SANDRA: So I woke up the next morning and I saw the email and texted Tatiana and said, "Hey, wish me 'good morning.'" Because in the show they sing, "Good moooorning! Vah-nessss-saa!" And I woke up, literally screaming and freaking out.

TATIANA: She called me and we were freaking out on the phone. So Fred called me and said, "Hey, we're still looking for two female ensemble dancers and for a man to play Kevin," who's the guy who owns the taxi service. I had mentioned in auditions that I was trying to convince my dad to come in because I thought he'd be so great in that role. And he said that only one or two people were interested in that role so he said, "Bring him in, if you can." So I went home and I said to Dad, "Come audition." And he said, "I really don't have time." He was working on Telenovela and he had just done a new pilot for CBS. And we got worried because there aren't any understudies and if he's called for filming in New Mexico at a moment's notice for Better Call Saul, he wouldn't be able to do it. So we never knew with his schedule what was going to happen. A week passes. And our first rehearsal is coming up and Fred was still looking for someone to play Kevin. So I said, "Dad?" And he said, "OK." So he contacts Fred and he starts practicing "Inutil" in the living room and I'm helping him with his music. So Fred asked him to come into rehearsals, and he came in, sang a little bit for our vocal director and they said, "The part's yours if you want it." He wasn't going to do it, but then he thought, "When am I going to have the opportunity to be on stage with both of you."

JUAN: Yes, that was Nancy's doing, my girl friend. Like I said, I haven't done theater here in L.A. and my biggest fear was, "What if I'm shooting something and I can't come? It's six weeks." It's fine, Monday through Thursday, but for some reason, I get a lot of night shoots, so if I'm working on a Friday night, what am I going to do? And Fred said, "Don't worry, we'll get an understudy." Well, we haven't had to. If we did, Fred will probably go on for me himself.

VCOS: Have you even sung in the past 37 years?

JUAN: I'm not a trained singer like my daughters are, but I do sing. I can fake it.

SANDRA: At Dad's house, we have a home-built karaoke system, and we have "Cantu Karaoke" whenever possible in the living room. He doesn't sight-sing, but I play piano, so I ended up plucking out all his notes for him, and Tatiana did all the vocal coaching. I'd edit it on my computer and send him all the files.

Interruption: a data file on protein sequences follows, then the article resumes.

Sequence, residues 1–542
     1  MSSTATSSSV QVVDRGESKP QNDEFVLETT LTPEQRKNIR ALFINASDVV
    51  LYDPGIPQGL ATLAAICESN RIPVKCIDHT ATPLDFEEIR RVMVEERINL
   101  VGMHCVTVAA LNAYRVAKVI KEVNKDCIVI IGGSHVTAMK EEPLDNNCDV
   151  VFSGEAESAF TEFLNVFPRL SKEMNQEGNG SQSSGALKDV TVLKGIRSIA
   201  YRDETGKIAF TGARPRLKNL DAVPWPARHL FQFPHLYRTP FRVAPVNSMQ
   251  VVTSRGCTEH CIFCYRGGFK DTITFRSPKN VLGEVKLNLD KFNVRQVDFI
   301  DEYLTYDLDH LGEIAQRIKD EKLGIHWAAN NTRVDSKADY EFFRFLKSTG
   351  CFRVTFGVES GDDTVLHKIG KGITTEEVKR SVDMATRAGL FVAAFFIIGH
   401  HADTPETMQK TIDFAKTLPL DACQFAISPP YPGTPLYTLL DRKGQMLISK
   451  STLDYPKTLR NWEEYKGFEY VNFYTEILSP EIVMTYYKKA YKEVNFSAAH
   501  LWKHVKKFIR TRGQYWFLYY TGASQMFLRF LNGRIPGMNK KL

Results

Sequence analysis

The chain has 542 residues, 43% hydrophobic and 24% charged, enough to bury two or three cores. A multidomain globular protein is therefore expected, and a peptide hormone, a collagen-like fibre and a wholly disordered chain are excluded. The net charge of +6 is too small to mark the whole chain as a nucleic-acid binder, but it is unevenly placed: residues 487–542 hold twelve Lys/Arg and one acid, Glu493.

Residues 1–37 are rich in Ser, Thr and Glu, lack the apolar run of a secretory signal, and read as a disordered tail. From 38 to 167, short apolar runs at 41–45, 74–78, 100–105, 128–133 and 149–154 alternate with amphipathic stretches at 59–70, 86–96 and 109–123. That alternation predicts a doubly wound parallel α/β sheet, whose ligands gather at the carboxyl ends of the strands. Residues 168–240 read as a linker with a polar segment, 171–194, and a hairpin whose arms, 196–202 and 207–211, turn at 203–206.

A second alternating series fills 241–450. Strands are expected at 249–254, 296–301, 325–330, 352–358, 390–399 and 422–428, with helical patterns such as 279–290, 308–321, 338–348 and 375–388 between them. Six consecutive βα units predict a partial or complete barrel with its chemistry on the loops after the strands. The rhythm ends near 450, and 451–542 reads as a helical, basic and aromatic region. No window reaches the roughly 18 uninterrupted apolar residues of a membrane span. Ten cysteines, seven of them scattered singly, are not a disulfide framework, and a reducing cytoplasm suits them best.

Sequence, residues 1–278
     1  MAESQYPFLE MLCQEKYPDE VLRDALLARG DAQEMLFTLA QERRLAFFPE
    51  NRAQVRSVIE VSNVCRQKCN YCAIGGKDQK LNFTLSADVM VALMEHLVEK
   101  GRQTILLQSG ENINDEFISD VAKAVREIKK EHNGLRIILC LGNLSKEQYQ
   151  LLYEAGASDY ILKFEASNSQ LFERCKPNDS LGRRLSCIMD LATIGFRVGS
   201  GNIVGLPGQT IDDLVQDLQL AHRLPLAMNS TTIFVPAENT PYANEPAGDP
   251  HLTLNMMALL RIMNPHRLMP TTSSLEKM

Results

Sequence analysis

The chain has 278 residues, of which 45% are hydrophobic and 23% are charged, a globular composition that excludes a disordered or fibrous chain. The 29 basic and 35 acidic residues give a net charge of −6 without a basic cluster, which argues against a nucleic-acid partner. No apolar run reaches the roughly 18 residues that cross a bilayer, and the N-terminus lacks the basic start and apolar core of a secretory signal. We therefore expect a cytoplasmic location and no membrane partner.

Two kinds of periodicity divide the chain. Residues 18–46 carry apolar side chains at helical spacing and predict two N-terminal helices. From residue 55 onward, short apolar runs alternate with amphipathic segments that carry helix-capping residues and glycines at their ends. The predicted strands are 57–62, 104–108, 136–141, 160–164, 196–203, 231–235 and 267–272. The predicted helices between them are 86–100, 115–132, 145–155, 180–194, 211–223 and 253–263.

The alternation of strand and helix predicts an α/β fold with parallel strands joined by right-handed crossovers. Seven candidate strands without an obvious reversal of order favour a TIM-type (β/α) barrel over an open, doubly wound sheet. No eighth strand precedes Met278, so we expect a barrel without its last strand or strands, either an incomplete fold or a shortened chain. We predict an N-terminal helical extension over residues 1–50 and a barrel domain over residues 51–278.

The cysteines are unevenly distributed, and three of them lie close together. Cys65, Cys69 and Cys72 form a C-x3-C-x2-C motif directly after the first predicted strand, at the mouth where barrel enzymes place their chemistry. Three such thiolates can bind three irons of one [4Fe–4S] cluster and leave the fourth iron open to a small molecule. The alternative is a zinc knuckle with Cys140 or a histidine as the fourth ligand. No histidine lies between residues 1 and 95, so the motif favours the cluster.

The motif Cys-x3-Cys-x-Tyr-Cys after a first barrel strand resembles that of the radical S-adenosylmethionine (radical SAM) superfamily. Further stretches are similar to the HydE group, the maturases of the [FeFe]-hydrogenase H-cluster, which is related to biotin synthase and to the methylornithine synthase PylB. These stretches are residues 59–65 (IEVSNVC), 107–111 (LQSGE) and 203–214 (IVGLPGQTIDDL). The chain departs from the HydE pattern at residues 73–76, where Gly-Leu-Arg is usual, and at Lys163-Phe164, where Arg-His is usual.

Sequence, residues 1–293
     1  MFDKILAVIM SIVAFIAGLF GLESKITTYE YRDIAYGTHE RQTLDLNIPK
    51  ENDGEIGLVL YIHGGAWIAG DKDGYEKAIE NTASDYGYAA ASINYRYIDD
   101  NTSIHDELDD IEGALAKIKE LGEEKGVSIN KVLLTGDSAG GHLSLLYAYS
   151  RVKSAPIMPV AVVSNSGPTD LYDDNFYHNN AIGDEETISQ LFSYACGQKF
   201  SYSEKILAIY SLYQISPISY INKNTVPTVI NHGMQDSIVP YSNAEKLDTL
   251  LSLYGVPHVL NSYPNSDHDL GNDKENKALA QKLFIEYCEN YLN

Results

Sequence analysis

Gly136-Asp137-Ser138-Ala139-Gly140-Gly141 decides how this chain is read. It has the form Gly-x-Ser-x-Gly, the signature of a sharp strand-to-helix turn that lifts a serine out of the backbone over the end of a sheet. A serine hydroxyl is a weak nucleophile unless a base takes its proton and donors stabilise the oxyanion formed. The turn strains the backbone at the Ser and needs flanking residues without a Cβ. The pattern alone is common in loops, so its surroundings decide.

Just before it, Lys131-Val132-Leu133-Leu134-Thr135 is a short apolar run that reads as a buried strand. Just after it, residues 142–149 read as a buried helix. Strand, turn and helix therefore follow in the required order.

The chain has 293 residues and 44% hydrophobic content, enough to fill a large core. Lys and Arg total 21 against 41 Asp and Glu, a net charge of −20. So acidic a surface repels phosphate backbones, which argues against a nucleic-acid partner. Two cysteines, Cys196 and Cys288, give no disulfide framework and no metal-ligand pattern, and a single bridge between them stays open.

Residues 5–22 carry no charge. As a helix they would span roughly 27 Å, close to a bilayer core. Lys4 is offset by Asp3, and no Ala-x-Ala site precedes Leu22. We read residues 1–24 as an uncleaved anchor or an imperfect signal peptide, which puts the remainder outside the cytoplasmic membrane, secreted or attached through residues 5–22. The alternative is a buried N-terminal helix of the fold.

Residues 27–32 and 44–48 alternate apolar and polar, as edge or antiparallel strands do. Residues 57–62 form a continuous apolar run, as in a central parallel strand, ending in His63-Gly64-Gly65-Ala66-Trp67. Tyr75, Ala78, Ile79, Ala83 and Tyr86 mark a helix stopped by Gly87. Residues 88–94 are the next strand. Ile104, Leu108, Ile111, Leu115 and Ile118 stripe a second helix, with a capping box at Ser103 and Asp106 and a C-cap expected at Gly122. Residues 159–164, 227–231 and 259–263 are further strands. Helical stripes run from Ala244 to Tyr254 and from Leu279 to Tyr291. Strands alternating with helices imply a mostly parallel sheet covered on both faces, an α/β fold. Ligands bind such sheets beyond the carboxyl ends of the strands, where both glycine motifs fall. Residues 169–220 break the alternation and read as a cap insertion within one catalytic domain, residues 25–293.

JUAN: They helped me a lot. So, getting back to what I was saying, my girlfriend, Nancy, said, "Look. You have this chance of being on stage with your two daughters. When is that going to come up again? It may never come up again. So for you to do this will be a tremendous life experience that you will never forget."

VCOS: So is it?

JUAN: Yes, it is.

TATIANA: We watch his song from the side of the stage and we're sobbing. And then we say, "Wait. We have to go and be funny now."

SANDRA: And I have to be mad, because Vanessa's always mad. The hardest part for me is, we're a family that always talks stuff out and we really don't get into arguments because we're all pretty amicable and pretty laid back. One of our favorite things to do is just to be together. So when I'm watching them fight on stage, my body doesn't comprehend it, especially because Dad never raises his voice. We were really good kids.

TATIANA: But on the first day of rehearsals, I'm supposed to call him "Papi" and it's so real, and he has to look across the stage and insult me. (laughs) I always found that really funny in every rehearsal, but I convince myself, "I'm mad at Senor Rosario."

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We'll continue our discussion with the Cantus next week. In the Heights plays at the Simi Valley Cultural Arts Center through May 22. For dates and showtimes, see the VC On Stage Calendar. Photo: L-R: Sandra, Juan Carlos, and Tatiana Cantu. (courtesy Jon Neftali Photography)